Polynesian mythology

Maui te whare kino "Maui the house of trouble".

Polynesian mythology

The western boundary is Easter Island. Polynesia means "many islands" in Greek. The cultures of the region share many traits with each other. Their differences are often subtle and not readily perceived by outsiders. Tahiti, a typical high island, is relatively large with steep slopes, rich plant life, and many waterfalls and rushing streams.

Coastal plains are absent or extremely limited on high islands. Atolls ring-shaped islands made of coral are the most common low islands in Polynesia. These are typically "desert islands" that are low-lying, narrow, and sandy with few, if any, surface streams. Low islands have less biodiversity variety of plant and animal species than do high islands.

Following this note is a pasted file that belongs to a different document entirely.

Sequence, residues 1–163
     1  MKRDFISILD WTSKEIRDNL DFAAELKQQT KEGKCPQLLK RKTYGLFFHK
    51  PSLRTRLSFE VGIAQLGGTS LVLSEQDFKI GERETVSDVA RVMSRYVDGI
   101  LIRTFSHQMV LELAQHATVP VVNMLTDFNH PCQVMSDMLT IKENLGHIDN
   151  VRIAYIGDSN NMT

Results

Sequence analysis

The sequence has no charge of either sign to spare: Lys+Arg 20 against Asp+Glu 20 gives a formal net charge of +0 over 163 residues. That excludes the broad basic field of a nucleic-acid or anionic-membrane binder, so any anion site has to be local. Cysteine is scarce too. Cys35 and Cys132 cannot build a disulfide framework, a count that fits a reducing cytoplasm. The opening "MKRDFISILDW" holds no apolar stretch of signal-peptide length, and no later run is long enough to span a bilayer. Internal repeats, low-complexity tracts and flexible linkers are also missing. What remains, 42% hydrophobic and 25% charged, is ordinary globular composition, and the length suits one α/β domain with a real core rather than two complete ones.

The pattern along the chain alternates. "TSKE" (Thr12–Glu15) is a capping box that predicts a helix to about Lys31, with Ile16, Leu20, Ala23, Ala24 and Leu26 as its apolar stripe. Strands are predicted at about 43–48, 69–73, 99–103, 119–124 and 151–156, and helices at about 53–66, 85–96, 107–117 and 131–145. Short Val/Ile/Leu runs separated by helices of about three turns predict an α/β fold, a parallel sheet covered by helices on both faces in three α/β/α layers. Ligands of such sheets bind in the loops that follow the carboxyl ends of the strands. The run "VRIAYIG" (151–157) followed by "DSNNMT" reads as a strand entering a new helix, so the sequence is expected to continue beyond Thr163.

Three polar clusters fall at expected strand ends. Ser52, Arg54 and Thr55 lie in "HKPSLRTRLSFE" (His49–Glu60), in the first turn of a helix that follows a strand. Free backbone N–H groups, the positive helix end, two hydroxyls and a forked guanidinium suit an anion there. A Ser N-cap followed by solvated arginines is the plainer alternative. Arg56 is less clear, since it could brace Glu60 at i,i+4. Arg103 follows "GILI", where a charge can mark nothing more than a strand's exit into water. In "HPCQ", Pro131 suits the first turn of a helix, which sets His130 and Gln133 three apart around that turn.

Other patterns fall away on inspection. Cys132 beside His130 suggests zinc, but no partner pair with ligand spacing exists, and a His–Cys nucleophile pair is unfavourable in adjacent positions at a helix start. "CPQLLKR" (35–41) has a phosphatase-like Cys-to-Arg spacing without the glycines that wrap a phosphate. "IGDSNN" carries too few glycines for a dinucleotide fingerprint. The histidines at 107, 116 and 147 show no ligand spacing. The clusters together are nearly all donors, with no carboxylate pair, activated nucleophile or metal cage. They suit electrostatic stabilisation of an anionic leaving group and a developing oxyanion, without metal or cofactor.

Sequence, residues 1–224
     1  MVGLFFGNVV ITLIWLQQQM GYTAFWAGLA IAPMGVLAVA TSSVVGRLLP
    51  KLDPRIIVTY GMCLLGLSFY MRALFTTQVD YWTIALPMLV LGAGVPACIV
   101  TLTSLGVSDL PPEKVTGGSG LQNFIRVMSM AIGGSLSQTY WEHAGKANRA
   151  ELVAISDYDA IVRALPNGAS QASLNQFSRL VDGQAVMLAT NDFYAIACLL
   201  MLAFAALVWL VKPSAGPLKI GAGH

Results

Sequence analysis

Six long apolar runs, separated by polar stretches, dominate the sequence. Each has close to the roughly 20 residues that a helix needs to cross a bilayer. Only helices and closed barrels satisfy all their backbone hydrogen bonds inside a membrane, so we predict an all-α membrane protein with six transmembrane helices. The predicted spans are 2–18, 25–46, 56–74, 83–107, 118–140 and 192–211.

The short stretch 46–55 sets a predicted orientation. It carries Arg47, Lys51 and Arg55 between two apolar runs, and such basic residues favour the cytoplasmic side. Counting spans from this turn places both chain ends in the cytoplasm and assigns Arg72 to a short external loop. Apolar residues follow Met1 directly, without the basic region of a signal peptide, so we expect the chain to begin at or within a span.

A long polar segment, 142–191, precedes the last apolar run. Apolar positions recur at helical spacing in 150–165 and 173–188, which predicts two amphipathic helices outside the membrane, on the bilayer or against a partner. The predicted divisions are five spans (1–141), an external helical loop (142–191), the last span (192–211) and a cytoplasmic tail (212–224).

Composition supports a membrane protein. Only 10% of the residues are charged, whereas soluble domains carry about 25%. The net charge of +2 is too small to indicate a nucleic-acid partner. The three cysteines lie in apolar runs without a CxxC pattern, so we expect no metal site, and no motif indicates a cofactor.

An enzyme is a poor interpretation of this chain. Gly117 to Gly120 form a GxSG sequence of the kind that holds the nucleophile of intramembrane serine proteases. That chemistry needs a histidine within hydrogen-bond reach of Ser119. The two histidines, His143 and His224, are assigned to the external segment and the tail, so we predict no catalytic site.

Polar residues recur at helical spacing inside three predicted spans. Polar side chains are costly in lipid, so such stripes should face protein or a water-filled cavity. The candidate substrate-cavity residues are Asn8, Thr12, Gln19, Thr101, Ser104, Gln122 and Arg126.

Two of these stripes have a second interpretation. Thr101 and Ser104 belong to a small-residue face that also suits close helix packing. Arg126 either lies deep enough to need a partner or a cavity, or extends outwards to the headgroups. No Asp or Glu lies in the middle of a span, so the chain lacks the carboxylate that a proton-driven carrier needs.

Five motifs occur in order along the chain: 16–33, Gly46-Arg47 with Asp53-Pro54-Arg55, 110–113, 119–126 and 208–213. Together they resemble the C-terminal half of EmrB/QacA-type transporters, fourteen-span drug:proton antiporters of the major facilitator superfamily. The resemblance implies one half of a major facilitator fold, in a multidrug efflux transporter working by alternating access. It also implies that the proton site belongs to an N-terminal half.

At the time of the first known European contact with the Polynesian world in the s, there were probably around half a million people scattered throughout the region. European powers competed for ownership of most of Polynesia's inhabited islands.

The indigenous native populations suffered greatly at the hands of the Europeans. They lost their traditional lands and resources, and suffered discrimination against their cultures and languages.

Polynesian languages form a subgroup of this extensive language family. Many Polynesian languages face an uncertain future. Attempts have been made to revitalize the Hawaiian language through educational programs at the university and the elementary school levels.